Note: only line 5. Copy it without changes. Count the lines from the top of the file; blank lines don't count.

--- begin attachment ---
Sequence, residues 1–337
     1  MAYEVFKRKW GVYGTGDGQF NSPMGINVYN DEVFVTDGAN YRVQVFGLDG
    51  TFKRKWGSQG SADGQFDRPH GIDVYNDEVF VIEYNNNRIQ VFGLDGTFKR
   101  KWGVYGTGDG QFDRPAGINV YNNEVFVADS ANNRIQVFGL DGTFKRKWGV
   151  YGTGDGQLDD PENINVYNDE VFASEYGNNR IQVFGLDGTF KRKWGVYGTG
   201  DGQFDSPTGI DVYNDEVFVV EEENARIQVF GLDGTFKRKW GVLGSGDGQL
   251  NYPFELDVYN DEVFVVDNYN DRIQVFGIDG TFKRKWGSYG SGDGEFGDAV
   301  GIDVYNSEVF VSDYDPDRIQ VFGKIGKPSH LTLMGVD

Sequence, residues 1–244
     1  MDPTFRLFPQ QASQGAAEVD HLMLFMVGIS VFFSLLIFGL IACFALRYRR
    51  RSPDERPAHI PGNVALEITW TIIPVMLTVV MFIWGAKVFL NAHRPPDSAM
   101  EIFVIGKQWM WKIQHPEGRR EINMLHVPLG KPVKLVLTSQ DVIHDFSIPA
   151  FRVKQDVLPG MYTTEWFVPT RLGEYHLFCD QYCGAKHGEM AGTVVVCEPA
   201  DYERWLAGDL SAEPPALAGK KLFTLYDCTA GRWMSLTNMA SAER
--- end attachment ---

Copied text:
   151  YGTGDGQLDD PENINVYNDE VFASEYGNNR IQVFGLDGTF KRKWGVYGTG